Realism in 3D Video Calls

Realism is a rejection of artificiality in art. In a video call, the struggle for the quality of experience leads us to the concept of realism too: to the rejection of artificiality.

Back in 2001, the AnandTech review of then 3D communication solution simply complained it was not realistic enough to replace video conferencing. Is it now?

What is the realism of a 3D video call? What is artificiality that can make our video calls uncomfortable? Is it the same as with 3D computer games or movies?

We think it is related to the “avatar approach” to 3D communication. This approach is a classic: all participants of a call have their own avatars and only the expressions, movements and sound are transmitted. Then they are applied to avatars and displayed to users through XR headset (for instance).

This approach can be perfected, of course, like in the “codec avatars — Facebook 2020 Research: Photorealistic Avatars & Full Body Tracking, where the description of expression and movement is maxed to cover as much as possible.

Still, maybe the avatar approach itself is an obstacle for realism. In the process of translating the image of a person as seen by camera into the description of expression and applying it back to the avatar, the momentous reality is travelling through too many layers of complex transformations. Ultimate realism is the one with zero transformations.

Why do we complain if there is not enough realism in communication? Isn’t it that we prefer to look beautiful rather than realistic? Don’t we need high quality and resolution of the image rather than realism? Actually, we want all these and realism :-), as a low resolution realistic experience can be better than a too artificial one in high resolution!

To have comfortable and efficient communication, we can use any nonverbal cues, which aid our message. We don’t know what all the elements of such nonverbal content are, but the more realistically we reproduce the remote person, the less nonverbal content will be lost. As humans, we have very powerful 3D perception. So, if we display the other person in 3D well, it should be very natural and comfortable for us to perceive her/him.How to achieve realism in 3D video calls? In the end, the quality of remote person reproduction is defined by how much information we collect, transfer and reproduce. The collection and reproduction are defined by the available cameras, depth sensors and 3D headsets. The transfer is defined by the information we lose in the process of packing-sending-unpacking between the camera of person A and the 3D headset of person B. We believe that transferring as much information as possible with minimal possible touching is the key to realism. Instead of layered transformation we try to locally recover the information which is broken or missing.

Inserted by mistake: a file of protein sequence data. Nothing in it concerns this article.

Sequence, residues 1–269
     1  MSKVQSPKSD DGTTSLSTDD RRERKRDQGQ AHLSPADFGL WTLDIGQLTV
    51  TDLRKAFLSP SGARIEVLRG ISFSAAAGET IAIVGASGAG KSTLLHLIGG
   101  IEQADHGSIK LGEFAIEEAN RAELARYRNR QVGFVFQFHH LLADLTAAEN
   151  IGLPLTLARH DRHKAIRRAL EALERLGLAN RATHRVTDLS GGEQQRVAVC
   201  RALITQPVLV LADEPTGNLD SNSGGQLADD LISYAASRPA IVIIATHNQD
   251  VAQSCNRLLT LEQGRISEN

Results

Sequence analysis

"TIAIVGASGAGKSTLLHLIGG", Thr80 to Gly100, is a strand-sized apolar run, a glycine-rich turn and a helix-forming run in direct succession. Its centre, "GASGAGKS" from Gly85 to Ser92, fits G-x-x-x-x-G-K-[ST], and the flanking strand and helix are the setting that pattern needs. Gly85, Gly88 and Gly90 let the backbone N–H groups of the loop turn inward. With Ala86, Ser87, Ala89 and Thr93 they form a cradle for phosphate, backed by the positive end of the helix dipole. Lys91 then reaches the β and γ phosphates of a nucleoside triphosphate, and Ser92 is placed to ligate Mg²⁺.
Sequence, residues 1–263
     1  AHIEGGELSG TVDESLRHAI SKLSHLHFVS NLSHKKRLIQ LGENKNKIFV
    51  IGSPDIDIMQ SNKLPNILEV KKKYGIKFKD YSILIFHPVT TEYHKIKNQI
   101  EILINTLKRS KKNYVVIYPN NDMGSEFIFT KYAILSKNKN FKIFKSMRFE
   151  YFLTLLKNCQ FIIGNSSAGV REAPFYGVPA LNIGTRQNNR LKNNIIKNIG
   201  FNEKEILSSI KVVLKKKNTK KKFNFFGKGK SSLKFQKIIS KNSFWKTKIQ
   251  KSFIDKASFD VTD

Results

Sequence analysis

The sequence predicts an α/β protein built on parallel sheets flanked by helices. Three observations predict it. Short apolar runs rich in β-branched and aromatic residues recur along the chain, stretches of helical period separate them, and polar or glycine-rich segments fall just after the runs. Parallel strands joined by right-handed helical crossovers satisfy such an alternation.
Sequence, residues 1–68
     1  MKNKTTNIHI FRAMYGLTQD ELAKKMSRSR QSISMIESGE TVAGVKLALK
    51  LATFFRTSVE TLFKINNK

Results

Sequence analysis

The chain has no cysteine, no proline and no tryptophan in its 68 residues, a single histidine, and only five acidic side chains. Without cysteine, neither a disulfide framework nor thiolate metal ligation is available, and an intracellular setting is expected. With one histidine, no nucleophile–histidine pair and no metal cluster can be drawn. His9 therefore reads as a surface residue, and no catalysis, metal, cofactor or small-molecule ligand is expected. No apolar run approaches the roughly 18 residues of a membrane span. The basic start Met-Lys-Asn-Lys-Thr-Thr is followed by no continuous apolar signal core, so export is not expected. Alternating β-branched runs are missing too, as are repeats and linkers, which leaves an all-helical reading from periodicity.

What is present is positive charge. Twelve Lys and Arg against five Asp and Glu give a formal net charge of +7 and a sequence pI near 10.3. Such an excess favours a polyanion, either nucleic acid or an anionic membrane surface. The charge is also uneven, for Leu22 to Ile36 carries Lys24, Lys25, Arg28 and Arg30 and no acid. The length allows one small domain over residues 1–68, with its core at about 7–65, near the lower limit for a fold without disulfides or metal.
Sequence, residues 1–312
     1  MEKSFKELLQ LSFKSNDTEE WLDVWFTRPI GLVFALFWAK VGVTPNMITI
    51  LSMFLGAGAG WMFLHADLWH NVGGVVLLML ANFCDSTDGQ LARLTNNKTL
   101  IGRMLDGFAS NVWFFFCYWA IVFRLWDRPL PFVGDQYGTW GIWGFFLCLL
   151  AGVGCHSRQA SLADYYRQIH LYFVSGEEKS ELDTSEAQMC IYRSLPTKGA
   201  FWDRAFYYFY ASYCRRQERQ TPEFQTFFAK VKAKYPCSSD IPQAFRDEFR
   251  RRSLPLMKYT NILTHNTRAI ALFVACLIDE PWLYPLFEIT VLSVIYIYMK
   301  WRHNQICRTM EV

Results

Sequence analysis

When will 3D video calls arrive? We work hard to bring them to you soon. The XR/VR headsets are becoming available, current smartphones include high quality cameras, 3D sensors and powerful processors and GPUs, and we have the vision and the technology to make 3D calls real.


Holographic Communication